It bounced up and down on its forepaws gleefully, “Well now, I think we’ve observed all the pleasantries, haven’t we?  I admit to being a little peckish…”

“No!”  The boy jumped back, Tam’s sword raised:  “Leave me alone, creature!  I don’t want to have to harm ye!”

“Harm me?”  The Manticore chortled; “Oh my dear, look at you!  A scrap of a thing, hardly worth the bother, really, but it’s a fetish of mine, isn’t it?   Do put that pointy thing down, child, before you drop it!”  It raised one paw, exposing a row of long, hooked claws which it examined professionally, before polishing then on its mane.  “I could live very adequately on the deer from this woodland, but I do like a human now and then – quite a different taste, you see?  Are you familiar with pork, at all?”

The boy was not without acumen, quick to assess his chances as very low, yet not prepared to give up; not yet.   “Suppose I could be of use to ye?  If I’m scarce worth eating, perhaps I have skills I could offer?  It’d be better to keep me alive then, surely?”

The Manticore laughed, and its laughter was not a pleasant sound.  “Do you know I can fire the spines from my tail, like arrows?  I have so many weapons, child.  What could you possibly offer that I do not already have?”

“I could collect the spines for ye, and bring them back…”

“I don’t want them back!  I simply grow another set.”  The creature stretched its leonine body and lay on the grass, its chin resting on its paws.  “But this is intriguing.  What else can you offer me?”

“I can hunt deer for ye?”

“No!  Ah, no.  I can do that for myself.  I like doing it.”

“I can catch fish!”  The boy said.  “Basically, you’re a cat.  You must like fish!”

The Manticore cocked an eyebrow.  “Now that is interesting, you are quite correct.  I adore fish!”

“Well, I can catch them for ye.”  The boy said – and as he said it a scheme of such low cunning entered his head it was all he could do to keep from laughing in the creature’s face.  “I bet yer can’t catch fish for yourself – ye don’t like water, do ye?”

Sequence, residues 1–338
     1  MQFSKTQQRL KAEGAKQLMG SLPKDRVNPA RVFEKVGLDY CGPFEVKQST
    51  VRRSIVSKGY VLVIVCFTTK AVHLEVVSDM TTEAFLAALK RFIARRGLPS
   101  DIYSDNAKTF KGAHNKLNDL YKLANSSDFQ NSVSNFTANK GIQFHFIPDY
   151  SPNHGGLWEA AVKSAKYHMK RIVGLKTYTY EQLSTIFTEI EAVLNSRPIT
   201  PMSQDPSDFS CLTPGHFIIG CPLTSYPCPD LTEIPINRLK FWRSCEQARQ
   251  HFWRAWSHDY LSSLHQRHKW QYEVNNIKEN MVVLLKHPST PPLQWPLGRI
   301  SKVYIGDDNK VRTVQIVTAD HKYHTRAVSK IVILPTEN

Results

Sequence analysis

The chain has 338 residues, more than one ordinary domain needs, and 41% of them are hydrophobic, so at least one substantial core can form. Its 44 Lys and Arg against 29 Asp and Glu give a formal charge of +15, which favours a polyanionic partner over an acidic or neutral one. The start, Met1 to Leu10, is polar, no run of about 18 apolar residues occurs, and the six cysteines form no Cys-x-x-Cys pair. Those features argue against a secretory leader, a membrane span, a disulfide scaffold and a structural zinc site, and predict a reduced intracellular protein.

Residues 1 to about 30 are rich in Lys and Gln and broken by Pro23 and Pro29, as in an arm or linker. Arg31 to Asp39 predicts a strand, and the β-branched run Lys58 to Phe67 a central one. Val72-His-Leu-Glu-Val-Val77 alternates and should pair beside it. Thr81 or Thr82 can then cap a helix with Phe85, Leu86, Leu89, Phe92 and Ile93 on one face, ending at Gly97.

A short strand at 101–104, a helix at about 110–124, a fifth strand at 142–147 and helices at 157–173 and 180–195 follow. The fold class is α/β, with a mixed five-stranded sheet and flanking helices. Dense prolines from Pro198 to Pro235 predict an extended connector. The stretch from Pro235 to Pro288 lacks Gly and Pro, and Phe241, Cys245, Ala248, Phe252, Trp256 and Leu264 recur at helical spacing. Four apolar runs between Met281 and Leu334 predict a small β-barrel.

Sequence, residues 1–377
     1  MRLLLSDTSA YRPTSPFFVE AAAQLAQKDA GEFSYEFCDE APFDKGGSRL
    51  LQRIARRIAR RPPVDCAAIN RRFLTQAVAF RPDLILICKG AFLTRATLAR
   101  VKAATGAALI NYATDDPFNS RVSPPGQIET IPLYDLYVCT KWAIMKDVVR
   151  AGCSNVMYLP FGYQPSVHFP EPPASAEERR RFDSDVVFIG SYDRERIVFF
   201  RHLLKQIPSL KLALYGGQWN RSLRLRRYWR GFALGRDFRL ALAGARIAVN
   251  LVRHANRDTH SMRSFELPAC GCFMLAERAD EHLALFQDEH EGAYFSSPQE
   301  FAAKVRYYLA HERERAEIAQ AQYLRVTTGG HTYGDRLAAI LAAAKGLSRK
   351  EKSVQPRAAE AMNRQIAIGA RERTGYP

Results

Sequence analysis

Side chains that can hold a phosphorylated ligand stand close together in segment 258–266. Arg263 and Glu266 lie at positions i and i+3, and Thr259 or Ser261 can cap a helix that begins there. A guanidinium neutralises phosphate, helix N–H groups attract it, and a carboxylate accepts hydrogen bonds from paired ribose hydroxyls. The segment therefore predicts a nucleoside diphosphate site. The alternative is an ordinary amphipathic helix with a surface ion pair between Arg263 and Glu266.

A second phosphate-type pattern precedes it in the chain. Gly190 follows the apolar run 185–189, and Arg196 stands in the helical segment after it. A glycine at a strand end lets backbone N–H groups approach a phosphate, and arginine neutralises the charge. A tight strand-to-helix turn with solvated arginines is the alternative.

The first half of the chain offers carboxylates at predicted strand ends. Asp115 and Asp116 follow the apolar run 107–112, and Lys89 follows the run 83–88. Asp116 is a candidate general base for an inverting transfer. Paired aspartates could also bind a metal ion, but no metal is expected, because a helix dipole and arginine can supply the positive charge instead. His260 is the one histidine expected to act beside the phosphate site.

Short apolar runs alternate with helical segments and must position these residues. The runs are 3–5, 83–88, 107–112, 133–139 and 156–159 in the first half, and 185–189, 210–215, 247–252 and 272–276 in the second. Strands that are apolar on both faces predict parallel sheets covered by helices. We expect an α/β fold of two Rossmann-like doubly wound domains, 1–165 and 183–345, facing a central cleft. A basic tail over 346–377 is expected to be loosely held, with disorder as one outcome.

“As you observe with such perspicacity, I am a cat.   I loathe the water!  I hate the water!  I despise it!”  In the ensuing shudder, a spine accidentally dislodged itself from the creature’s tail.  It flew like an arrow and embedded itself resonantly in a tree-trunk.

“Few men must pass this way,” the boy suggested, “because there’s legends told of ye in the north to make them afraid.  Suppose my companions and I were to build ye a raft from the timber in these woods?  Ye could cross the river and your paws would barely get wet. A short march north of the river there are many humans for ye to feast upon – not men in armour but wild raiders easy for ye to catch and devour.  Y’see, ye would profit greatly from letting me live!”

“Really?  Could you do that?  My dear chap, could you absolutely do that?”

“Oh, aye!”  Said the boy, “We can do that.”

So it was that the Manticore agreed to let the young ‘un’s companions cross the river.  Tam was beyond caring, but Abel’s reluctance, and his horror at his first sight of his ‘worm’ took longer to surmount.   When the boy explained how their cooperation could be ample vengeance for the razing of their village, though, he was inspired.  

The Manticore had another surprise in store for them yet, because it possessed a power of healing, which it exercised by bringing Tam back to health.  While the boy fished, the adult pair felled trees to fashion a raft, and came the day when the Manticore was able to step gingerly onto its floating transport.

By the combined efforts of men and boy their unlikely cargo was propelled across the river without incident, and after some surprisingly emotional goodbyes the Manticore confessed the smell of quarry was quite overwhelming.

The three travellers had the pleasure of seeing it vanish into the trees beyond the river, knowing what a dreadful revenge awaited their Reiver foes.

Finally, the trio released their raft into the current, lest the Manticore should ever alter its mood and try to return.  They turned to the south, and although their own legend is rarely told, it is said they made their way safely to the more secure lands ruled by the Prince Bishops.   There, the boy learned to read the book the Manticore’s poor unfortunate lunch had left behind, becoming versed in Latin and a revered scholar.   

At least, that is the legend…

© Frederick Anderson 2020.  Unauthorized use and/or duplication of this material without express and written permission from the author is strictly prohibited. Excerpts and links may be used, provided that full and clear credit is given to Frederick Anderson with specific direction to the original content.